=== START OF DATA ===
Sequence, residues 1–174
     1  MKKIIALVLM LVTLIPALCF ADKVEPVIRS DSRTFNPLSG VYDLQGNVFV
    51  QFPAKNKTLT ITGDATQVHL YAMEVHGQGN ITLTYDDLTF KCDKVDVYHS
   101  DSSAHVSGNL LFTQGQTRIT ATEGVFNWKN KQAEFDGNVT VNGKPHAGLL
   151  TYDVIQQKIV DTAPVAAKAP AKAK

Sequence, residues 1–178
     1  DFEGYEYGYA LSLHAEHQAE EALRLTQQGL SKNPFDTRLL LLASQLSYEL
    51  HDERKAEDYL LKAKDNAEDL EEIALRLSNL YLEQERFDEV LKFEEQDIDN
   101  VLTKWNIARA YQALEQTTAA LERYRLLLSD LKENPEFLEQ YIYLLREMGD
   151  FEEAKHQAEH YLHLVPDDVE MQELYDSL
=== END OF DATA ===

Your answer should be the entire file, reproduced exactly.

Sequence, residues 1–174
     1  MKKIIALVLM LVTLIPALCF ADKVEPVIRS DSRTFNPLSG VYDLQGNVFV
    51  QFPAKNKTLT ITGDATQVHL YAMEVHGQGN ITLTYDDLTF KCDKVDVYHS
   101  DSSAHVSGNL LFTQGQTRIT ATEGVFNWKN KQAEFDGNVT VNGKPHAGLL
   151  TYDVIQQKIV DTAPVAAKAP AKAK

Sequence, residues 1–178
     1  DFEGYEYGYA LSLHAEHQAE EALRLTQQGL SKNPFDTRLL LLASQLSYEL
    51  HDERKAEDYL LKAKDNAEDL EEIALRLSNL YLEQERFDEV LKFEEQDIDN
   101  VLTKWNIARA YQALEQTTAA LERYRLLLSD LKENPEFLEQ YIYLLREMGD
   151  FEEAKHQAEH YLHLVPDDVE MQELYDSL